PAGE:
My name is Hứa Kim Hiền. Originally from Boston, I'm a nonbinary Chinese Vietnamese American (they/them pronouns), who's currently finishing a BA at Smith College. As a student activist and aspiring community organizer/researcher, I want to continue to push for social justice, equity, and the destruction of all systemic oppression while trying to center softness, radicalism, and resilience in my life.
I wrote this poem to celebrate what it means to be "yellow". Yellow is a soft color, a lovely color and I hope this poem can be a reminder for us to love and honor our "yellowness" - our skin color, our body, and the stories that comes with the image of us.
Julia Ha is one of the co-founders of Project Yellow Dress. A Chinese-Vietnamese American from the San Francisco Bay Area, she is also the daughter of Vietnamese Boat People refugees who immigrated to the U.S. in the early 1980s. You can follow her on Instagram at @jbwahaha, or contact her directly via email at email@example.com.
Tara Tran is a high school senior who wrote the following response to a personal statement prompt that asked, "What matters to you, and why?" We were so incredibly struck by the topic she chose, her creative writing approach, and her heartwarming insight. We are so happy that she graciously agreed to allow us to share it on PYD.
Tim Reason is an editor in Boston. He grew up in New York City and his father served as sponsor for nearly 20 Cambodian and Laotian refugees in the early 1980s. The taste of lemongrass still instantly transports him back to his first time eating Cambodian food while sitting cross legged on the floor of an apartment in Queens. He can be reached at @cleverreason
UyênThi has a B.A. in Journalism but only recently returned to writing. The youngest in the family of six, she is the daughter of refugees, and grew up less than a mile away from Paisley Park, although she spent much of her childhood singing along not to Prince, but to The Sound of Music. UyênThi has a healthy appreciation for fresh journals, Tom Hardy, and golden retrievers, but she is a cat mom at heart. She and her partner (and hopefully a fur baby in the near future) live in Minneapolis, Minnesota. You can find her online at https://whenyousaywe.wordpress.com/ or on Twitter @vanitycake.
About the author: Kim Truong is a recent American University graduate. A transplant from Vancouver, Canada, she now calls Washington D.C. home. She works in social change communications and in her free time writes essays and stories about voluntourism, travel privilege and cultural authenticity. For more of her work, visit: medium.com/@kttruong_
About this work:
I had actually written this piece a couple of months ago and submitted it to a literary journal. But as the political climate in the United States becomes increasingly unsympathetic and the government increasingly hostile to refugees and immigrants, I thought it important to share my story now, and I withdrew it from consideration. Our voices are more important than ever now, in support of and solidarity with people of color here and around the world.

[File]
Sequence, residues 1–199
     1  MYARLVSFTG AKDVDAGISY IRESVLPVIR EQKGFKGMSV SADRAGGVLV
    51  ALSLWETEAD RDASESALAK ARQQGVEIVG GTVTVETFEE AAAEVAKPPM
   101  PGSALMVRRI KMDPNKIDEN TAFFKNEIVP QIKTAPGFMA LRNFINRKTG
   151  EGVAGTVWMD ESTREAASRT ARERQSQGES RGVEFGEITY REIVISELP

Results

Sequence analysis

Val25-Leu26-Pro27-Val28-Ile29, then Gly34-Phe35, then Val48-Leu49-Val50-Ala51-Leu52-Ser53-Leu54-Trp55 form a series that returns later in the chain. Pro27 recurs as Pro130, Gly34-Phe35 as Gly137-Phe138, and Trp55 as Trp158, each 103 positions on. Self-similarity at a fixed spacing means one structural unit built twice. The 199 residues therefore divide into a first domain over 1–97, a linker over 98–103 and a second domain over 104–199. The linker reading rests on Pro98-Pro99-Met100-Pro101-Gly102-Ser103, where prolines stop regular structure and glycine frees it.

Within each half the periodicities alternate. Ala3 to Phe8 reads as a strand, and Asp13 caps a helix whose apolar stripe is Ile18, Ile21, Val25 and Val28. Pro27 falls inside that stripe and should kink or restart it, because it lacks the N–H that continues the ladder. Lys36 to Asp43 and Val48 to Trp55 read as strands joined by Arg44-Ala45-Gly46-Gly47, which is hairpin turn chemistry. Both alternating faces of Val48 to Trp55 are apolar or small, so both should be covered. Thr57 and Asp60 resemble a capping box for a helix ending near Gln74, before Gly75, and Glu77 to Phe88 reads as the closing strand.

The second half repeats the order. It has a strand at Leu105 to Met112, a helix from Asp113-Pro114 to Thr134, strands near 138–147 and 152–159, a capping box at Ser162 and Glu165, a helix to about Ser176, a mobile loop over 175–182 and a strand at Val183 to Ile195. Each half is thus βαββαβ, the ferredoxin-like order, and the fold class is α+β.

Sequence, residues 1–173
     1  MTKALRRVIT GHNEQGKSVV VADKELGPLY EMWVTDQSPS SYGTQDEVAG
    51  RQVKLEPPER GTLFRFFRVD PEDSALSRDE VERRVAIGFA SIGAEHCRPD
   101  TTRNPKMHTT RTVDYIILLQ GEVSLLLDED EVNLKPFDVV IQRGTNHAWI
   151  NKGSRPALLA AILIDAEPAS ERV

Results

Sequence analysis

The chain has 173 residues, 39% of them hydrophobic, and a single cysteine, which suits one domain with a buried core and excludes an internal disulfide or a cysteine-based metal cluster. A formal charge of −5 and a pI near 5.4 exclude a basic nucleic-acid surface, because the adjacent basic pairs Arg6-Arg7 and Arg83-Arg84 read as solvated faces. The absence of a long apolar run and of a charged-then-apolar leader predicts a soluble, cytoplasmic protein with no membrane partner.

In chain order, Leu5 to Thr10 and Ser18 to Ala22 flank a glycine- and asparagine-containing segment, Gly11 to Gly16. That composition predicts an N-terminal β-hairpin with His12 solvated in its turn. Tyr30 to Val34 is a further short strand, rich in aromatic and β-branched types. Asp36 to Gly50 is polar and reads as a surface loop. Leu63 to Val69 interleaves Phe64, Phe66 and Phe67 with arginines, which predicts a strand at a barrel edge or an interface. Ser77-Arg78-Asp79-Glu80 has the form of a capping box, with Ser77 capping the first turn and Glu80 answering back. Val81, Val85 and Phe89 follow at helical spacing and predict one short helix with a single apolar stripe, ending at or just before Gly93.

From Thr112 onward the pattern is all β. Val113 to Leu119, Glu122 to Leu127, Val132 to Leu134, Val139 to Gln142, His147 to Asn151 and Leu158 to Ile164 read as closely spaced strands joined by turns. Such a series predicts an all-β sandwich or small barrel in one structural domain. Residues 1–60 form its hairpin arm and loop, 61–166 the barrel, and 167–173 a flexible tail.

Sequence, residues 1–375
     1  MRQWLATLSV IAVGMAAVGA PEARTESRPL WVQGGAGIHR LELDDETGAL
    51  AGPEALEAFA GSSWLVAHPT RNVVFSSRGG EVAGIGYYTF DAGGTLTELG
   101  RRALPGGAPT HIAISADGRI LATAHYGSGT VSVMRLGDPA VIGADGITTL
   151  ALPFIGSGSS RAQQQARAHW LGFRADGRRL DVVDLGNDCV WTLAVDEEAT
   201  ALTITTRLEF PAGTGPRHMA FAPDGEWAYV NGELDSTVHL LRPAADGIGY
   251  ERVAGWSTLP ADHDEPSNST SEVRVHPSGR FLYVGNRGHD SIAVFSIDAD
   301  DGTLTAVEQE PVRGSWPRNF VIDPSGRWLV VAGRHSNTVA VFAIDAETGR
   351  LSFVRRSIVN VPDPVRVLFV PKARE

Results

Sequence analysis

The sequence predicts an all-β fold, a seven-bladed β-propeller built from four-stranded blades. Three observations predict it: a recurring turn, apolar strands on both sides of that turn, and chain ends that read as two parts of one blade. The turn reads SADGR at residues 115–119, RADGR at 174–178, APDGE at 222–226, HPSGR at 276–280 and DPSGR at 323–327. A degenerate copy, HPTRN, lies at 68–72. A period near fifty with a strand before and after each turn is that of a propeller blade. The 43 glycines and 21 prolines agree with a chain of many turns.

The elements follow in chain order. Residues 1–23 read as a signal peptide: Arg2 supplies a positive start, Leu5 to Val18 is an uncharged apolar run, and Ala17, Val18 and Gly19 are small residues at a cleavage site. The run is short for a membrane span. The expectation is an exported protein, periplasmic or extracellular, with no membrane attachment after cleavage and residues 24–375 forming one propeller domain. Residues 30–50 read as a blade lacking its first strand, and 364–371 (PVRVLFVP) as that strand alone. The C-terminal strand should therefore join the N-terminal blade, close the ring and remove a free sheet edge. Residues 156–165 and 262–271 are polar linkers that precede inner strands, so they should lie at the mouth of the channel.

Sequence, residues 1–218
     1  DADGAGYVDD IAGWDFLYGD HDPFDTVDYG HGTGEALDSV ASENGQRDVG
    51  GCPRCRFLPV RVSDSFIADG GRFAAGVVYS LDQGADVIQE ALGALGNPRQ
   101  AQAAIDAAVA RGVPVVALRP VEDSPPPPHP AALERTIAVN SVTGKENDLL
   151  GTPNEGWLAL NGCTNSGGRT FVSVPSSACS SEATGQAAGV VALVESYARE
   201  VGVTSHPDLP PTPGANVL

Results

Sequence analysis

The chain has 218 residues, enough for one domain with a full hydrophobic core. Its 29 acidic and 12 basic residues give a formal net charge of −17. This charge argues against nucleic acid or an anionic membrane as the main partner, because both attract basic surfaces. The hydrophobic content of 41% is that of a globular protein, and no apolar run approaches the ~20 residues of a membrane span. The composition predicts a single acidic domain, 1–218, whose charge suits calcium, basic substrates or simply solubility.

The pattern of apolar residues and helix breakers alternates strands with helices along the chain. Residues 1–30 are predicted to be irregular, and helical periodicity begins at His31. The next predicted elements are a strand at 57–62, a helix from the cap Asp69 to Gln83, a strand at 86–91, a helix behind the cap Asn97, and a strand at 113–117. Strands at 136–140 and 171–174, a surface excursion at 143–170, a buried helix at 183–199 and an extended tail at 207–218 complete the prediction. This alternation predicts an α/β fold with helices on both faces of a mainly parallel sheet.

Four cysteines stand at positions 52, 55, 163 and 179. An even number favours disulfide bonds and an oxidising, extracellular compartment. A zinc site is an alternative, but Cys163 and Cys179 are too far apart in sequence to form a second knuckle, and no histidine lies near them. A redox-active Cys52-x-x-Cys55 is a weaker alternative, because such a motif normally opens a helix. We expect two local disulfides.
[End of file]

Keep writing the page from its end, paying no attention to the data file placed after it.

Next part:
Writer: Teresa Pham
I wrote the poem The Children Who Live in Boats because the plight of boat people feels especially relevant in the current political climate. Our supposed “leader of the free world” is a man who is dead-set on fomenting more and more fear and xenophobia within the population, on closing the borders and turning away those who seek sanctuary. It’s a strange and sad time to be the child of refugees in America.
There’s this narrative that we’re fed in this country, that America is a melting pot of immigrants who came here seeking a better future. It’s this idealized promised land. And while that may be true for many families, the Vietnamese American experience is largely separated from this narrative because our parents aren’t immigrants by choice - they’re refugees. They came here because it was the only option available to them when their home became a war zone, when everything they knew and loved became untenable.
There’s a Warsan Shire poem titled Home that goes: “you have to understand/no one puts their children in a boat/unless the water is safer than the land.” To me, that feels like the crux of what refugees face when they put their children in rickety vessels and pray for a safe passage.
The refugee experience is one in which there are no good choices or a sought after American utopia. There's only the hope of survival - for yourself and for future generations.
Teresa Pham lives and writes in Oakland, California.
This is a letter from Phi Minh Tam, Massachusetts Institute of Technology (MIT) Class of 1963, writing to the Director of Alumni Affairs and his fellow alumni about his attempts to escape Vietnam in the late 1970s and early 1980s. Below is a photo of the copy of the letter, followed by a transcript of the text.
Note from author: This is my college personal statement and the prompt was about describing our favorite word. My favorite word is peservance because it reflects my family's hard work and the world they come from.
Reflecting on my experiences growing up as the daughter of refugees and as a Chinese-Vietnamese American.